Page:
“Senate Bill 2 expressly declares that their religious beliefs are superior to their oath of judicial office to uphold and support the federal constitution. And the law spends public money to advance those religious beliefs. That is a straightforward violation of the First Amendment,” said Luke Largess, lead counsel for the plaintiffs, according to the Campaign for Southern Equality’s website.

The plaintiffs’ case relied on Flast v. Cohen, a 1968 Supreme Court ruling that allows taxpayers to mount an Establishment Clause challenge to government spending used to support a religion. In Flast, a group of taxpayers challenged a federal law that permitted government funds to be used to purchase secular textbooks for use in religious schools. Florence Flast argued that the use of taxpayer money in that manner was a violation of the Establishment Clause.

Plaintiffs argued that a similar scenario was at play in Ansleypublic funds being used to accommodate the religious intolerance of magistrate judges in McDowell Countybut the Fourth Circuit disagreed. The court ruled that under Flast, taxpayers only have standing to challenge spending that involves specific legislative appropriations, which wasn’t the case here.

“As we have noted, S.B. 2 is not an appropriations bill but an attempt to accommodate the employees’ rights of religious conscience with the right of same-sex couples to marry,” the panel concluded.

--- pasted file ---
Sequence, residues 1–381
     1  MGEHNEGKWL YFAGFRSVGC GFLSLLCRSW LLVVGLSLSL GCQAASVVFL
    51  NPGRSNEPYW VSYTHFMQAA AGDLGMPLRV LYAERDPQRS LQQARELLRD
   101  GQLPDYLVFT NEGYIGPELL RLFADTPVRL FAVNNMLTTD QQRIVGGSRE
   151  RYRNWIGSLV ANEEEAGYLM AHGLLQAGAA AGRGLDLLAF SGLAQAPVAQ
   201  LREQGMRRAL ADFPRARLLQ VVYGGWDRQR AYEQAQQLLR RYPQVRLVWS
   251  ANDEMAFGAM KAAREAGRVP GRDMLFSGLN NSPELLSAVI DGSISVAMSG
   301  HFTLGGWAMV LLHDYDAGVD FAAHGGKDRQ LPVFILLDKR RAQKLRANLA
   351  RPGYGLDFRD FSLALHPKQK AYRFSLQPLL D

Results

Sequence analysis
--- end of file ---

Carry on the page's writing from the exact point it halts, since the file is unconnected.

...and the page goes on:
The appeals court noted that the case “presents one of the most problematic terrains for finding standing—either under general rules or the Flast exception.” General standing rules require an injury in fact, and the appeals court found no such injury in this case. In addition, the court found that the essential ingredients of a Flast claim were missing—there was no specific legislative appropriation or subsidy of a sectarian entity.

“Plaintiffs seek to characterize these expenditures as the ‘lifeblood’ of the statute,” Wilkinson wrote for the panel, “but the inescapable fact is that S.B. 2 is not a spending bill.”

“What we have instead are ‘incidental expenditure[s] of tax funds in the administration of an essentially regulatory statute’ that alters the scope of magistrate duties in performing marriages. As with any regulatory measure, some level of expenditure is necessary to carry out the goals of the program, and the Supreme Court has never found such ancillary spending to provide an adequate basis for standing.”

Wilkinson pointed out that none of the money would go to religious institutions; the funds were simply being shuffled around within the government.

The Supreme Court has repeatedly ruled that the taxpayer’s interest in making sure her tax dollars are spent in accordance with the Constitution is too attenuated and generalized to confer standing. There are a few exceptions—for instance, when a specific legislative appropriation is used to subsidize a sectarian entity, as in Flast—but generally citizens do not have standing to challenge how their taxpayer dollars are used.

Former Gov. Pat McCrory (R) vetoed SB 2 in May 2015, despite his opposition to same-sex marriage. He argued that public officials need to uphold the law regardless of their personal religious beliefs. The Republican-controlled legislature overrode his veto in June 2015.